CFP: Exhibition Complex: Displaying People, Identity, and Culture @ Carnegie Museum of Art

Exhibition Complex: Displaying People, Identity, and Culture
October 18 2012 (All day) – October 20 2012 (All day) Carnegie Museum of Art

History of Art and Architecture Department at the University of Pittsburgh is pleased to announce the call for proposals for its Graduate Student Symposium, “Exhibition Complex: Displaying People, Identity, and Culture.” The symposium will be held October 18-20, 2012.

This year’s symposium sets out to analyze the many modes of display, types of artistic production, and built and existing structures that constitute ephemeral exhibition spaces. Organized in collaboration with the Carnegie Museum of Art, our topic is inspired by the museum’s fall 2012 exhibition, Inventing the Modern World: Decorative Arts at the World’s Fairs, 1851–1939. We are interested in projects that explore temporary exhibitions displaying people, identity, and culture in any geographical location or time period, within and beyond the modern history of Western display. The keynote address will be delivered by Saloni Mathur, Associate Professor of Art History at UCLA and author of the book India by Design: Colonial History and Cultural Display (2007), and co-editor of the forthcoming No Touching, Spitting, Praying: Modalities of the Museum in South Asia (2012).

We encourage paper submissions from graduate and MFA students at all stages of their studies.
Presentations should not exceed 20 minutes. Please email an abstract or description of artistic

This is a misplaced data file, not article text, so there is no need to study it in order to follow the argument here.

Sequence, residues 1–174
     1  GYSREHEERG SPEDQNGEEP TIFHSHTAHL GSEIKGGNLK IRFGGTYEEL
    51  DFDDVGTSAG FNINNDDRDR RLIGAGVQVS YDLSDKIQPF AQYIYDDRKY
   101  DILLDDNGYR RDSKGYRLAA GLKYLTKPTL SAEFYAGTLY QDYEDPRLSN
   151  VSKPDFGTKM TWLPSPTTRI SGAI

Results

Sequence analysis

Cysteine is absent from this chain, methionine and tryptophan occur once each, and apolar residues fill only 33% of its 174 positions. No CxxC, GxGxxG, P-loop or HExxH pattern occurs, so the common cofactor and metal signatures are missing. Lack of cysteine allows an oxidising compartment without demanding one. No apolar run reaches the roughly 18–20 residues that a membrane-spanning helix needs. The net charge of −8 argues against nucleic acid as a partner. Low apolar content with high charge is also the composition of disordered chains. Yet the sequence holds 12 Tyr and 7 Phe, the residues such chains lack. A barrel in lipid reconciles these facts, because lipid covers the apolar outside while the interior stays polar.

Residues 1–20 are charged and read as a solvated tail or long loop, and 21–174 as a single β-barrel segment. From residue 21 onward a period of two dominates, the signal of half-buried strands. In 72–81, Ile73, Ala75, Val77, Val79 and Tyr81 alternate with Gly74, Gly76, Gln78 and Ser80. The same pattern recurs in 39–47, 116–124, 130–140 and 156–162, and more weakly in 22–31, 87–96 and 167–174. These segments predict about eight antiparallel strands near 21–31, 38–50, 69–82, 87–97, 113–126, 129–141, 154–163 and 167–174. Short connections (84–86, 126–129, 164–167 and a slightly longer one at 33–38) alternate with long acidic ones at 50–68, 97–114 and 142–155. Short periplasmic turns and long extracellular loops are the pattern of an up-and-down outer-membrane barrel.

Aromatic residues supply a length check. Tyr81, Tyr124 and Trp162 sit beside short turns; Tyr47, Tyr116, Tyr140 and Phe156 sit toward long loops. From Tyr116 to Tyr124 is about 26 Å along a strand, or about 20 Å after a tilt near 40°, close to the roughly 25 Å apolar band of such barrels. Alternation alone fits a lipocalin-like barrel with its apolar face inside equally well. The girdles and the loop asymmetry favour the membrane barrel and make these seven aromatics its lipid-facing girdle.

intervention no longer than 300 words, and a brief CV to symposium organizers at
pittgradsymposium@gmail.com by April 27, 2012. Selected speakers will be notified by May 15, 2012.

http://www.haa.pitt.edu/news-events/exhibition-complex-displaying-people-identity-and-culture?ct=t%28November_3_201110_28_2011%29

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Author: Camara Dia Holloway

I am an art historian specializing in early twentieth century American art with particular focus on the history of photography, race and representation, and transatlantic modernist networks. I earned my PhD at Yale University in the History of Art Department. Besides my leadership role as the Founding Co-Director of the Association for Critical Race Art History (ACRAH), I am recognized for my expertise on African American Art, particularly African American Photography, and as a seasoned consultant for exhibitions, museum collections, and symposia/lectures planning.

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